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Could You Have Too Many Plugins?

Do you think you have too many plugins? Here’s what we think about this common issue.

The 8 Second Rule states that a user is likely to abandon your website if it takes 8 seconds or longer to load. Current research suggests that the time users are willing to wait for your website to load is continually decreasing, and in some cases can be about 2 seconds. In the age of six second videos, instant messaging, and communication with 140 characters or fewer, peoples’ patience is continually waning.

People don’t like to wait, and your website’s speed affects user satisfaction and can directly lead to business loss. Business loss, of course, is a loss in revenue. Potential customers may abandon an online purchase because your site is too slow, and they may never visit your site again. Website slowness can be due to non-optimized images, slow servers, bad code…lots of reasons. One biggie for WordPress websites, though, is too many plugins.

Plugin Overload

Having too many plugins can ruin an otherwise perfect website. The more plugins you have installed on your website, the more requests are made to your web server. The more requests made, the more your site slows down. Each plugin can add its own scripts and styles, increasing requests made per page load.

The little things can add up. Even if you have the absolute minimum amount of plugins, that still could mean quite a bit of requests, depending on the amount of visitors your site receives. Say your site has one plugin that makes about 20 requests per page load. 100 visitors per day would be 2,000 requests fulfilled. Now, imagine that one of your articles is shared on Facebook. You may have a day with a few thousand visitors. If your one plugin has 20 requests, then those few thousand visitors rocket the amount of requests past 20,000. Imagine a day with 20,000 visitors—that’s over 400,000 requests! And that may still be okay.

But what if you have 20 plugins and each has up to 20 requests that all need to be loaded? Think about what that can do to your website. You can very easily be well past the 8 second (or 3 second) rule.

But how many is too many?

There is no set number of plugins you should have on your website. WPBrain suggests that it may be a good goal to keep your site under 20. Yet, sometimes having more than 20 is unavoidable–plugins do different things, and you may need more than 30 to achieve your website’s goal. But, there are a few unnecessary types of plugins that we often integrate into our websites, causing delay:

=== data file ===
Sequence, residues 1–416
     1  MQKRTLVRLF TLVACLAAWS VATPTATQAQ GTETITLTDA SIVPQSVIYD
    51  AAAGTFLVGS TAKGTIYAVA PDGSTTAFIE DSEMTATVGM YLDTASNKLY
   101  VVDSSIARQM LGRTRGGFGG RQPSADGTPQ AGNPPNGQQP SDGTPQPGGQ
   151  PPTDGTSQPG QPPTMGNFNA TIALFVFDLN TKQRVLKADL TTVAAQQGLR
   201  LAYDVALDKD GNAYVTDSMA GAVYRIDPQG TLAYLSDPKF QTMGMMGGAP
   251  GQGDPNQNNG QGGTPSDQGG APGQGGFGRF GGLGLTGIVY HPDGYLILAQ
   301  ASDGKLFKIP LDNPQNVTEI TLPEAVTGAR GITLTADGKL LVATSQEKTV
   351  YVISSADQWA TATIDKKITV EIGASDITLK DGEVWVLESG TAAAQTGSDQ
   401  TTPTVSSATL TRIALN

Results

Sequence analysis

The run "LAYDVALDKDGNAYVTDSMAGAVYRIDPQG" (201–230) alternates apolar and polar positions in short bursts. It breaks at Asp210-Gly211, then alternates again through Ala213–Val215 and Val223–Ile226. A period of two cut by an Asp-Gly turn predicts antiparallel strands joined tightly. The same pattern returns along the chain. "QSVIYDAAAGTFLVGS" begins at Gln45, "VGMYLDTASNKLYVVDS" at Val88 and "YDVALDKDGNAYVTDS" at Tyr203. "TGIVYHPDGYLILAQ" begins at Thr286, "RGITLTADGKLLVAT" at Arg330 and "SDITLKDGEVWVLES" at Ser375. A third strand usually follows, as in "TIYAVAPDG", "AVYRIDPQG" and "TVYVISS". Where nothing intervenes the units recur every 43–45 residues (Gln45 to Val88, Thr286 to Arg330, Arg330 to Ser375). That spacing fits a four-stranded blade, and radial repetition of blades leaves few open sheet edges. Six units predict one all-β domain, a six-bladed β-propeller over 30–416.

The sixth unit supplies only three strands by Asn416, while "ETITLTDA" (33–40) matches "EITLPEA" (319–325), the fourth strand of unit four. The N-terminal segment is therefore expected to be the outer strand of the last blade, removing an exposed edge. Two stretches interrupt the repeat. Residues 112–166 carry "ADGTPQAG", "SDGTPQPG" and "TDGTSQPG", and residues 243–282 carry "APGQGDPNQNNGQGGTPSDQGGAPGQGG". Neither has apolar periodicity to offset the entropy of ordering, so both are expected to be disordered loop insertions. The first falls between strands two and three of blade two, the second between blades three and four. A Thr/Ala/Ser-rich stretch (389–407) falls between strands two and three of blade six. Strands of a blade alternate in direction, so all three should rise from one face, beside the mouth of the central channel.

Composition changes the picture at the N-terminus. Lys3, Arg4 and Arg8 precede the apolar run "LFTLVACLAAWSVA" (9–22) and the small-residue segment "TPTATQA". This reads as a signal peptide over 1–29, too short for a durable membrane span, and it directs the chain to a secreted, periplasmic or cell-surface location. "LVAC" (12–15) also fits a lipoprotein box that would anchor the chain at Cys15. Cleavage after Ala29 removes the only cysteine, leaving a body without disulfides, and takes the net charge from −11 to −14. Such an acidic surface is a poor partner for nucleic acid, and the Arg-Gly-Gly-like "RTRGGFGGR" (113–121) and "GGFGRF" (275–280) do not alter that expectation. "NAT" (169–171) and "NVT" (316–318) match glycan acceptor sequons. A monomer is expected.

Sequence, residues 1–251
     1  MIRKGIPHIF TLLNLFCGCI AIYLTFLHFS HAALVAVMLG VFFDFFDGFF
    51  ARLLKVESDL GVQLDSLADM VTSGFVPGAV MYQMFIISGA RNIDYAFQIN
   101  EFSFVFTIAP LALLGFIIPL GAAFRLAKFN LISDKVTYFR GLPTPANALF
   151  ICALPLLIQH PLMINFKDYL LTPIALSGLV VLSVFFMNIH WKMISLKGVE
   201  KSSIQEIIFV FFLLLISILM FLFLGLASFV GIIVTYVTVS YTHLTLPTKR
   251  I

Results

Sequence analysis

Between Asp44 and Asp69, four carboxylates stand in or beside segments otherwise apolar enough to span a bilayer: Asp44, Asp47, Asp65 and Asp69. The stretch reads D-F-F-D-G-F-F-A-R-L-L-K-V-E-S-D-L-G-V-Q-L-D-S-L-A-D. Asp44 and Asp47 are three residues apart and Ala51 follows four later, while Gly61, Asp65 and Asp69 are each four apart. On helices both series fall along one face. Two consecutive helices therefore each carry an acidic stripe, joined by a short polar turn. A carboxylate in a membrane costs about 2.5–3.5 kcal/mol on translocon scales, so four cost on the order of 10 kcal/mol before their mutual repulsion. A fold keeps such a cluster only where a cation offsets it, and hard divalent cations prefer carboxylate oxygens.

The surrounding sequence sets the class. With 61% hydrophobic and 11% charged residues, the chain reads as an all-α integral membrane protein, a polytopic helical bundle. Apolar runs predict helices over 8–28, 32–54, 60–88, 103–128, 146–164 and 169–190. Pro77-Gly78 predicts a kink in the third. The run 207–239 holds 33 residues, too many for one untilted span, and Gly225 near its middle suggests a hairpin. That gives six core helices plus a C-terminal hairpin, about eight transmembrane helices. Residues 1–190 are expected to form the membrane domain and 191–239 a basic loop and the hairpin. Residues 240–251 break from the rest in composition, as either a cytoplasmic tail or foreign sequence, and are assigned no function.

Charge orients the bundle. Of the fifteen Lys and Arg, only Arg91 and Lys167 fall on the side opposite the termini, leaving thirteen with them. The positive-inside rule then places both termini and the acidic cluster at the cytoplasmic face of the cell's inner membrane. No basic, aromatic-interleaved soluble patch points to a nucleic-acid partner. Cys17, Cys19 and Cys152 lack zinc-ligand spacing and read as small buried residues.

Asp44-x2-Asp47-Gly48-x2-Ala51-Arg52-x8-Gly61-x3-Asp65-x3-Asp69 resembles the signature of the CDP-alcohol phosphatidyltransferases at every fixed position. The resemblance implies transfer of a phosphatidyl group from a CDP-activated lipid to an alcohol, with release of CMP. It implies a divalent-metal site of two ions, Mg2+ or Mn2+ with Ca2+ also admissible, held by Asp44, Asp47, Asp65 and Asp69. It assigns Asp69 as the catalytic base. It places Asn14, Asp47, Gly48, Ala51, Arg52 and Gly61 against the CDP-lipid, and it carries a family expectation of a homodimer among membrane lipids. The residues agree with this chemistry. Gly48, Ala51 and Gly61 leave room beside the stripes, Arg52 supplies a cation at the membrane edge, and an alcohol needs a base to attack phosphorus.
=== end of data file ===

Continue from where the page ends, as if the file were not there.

Extremely large: When a larger block of code has to be loaded and processed, this has the potential to slow down the site’s rendering time.
Third-party resources: Widgets provided by services like Facebook, Twitter, etc. would fall into this category. Those social share buttons, or social timeline buttons have to be loaded from another server, so there’s a chance for a delay or even failure if there are problems with the other server. In bulk, these could cause some real problems.
Outdated or poorly coded: These can not only slow down your website, but can provide security issues as well. Sticking with popular, supported, known-safe plugins that have lots of downloads and high ratings is a good way to avoid this issue.

Solutions for Too Many Plugins

Get rid of some of those plugins! You should analyze each plugin on your website, then ask yourself whether the plugin actually helps your website reach its goal. No, coolness is not a valid reason to keep a plugin, especially if the plugin doesn’t help your website (or your business) reach goals that you know are important. You should also delete inactive plugins. They’re not useful to your site at all, and can actually cause clutter on your dashboard too.

If you decide that you really do need all of those plugins, you may want to hire a developer to help you sort through them all. A developer can also code some of the functionality of your plugins into your theme, reducing load time and streamlining your website’s performance. Remember that some plugins come with a lot of features, and many of which won’t be useful to you. You may install a plugin for one of its ten features, but the unused features’ code will still load, and that can slow things down. A developer can also help by creating custom plugins that give you exactly what you need and nothing more. And of course, you can try downloading a plugin to help you manage your plugins (one popular one is p3 plugin profiler).

How can we help you?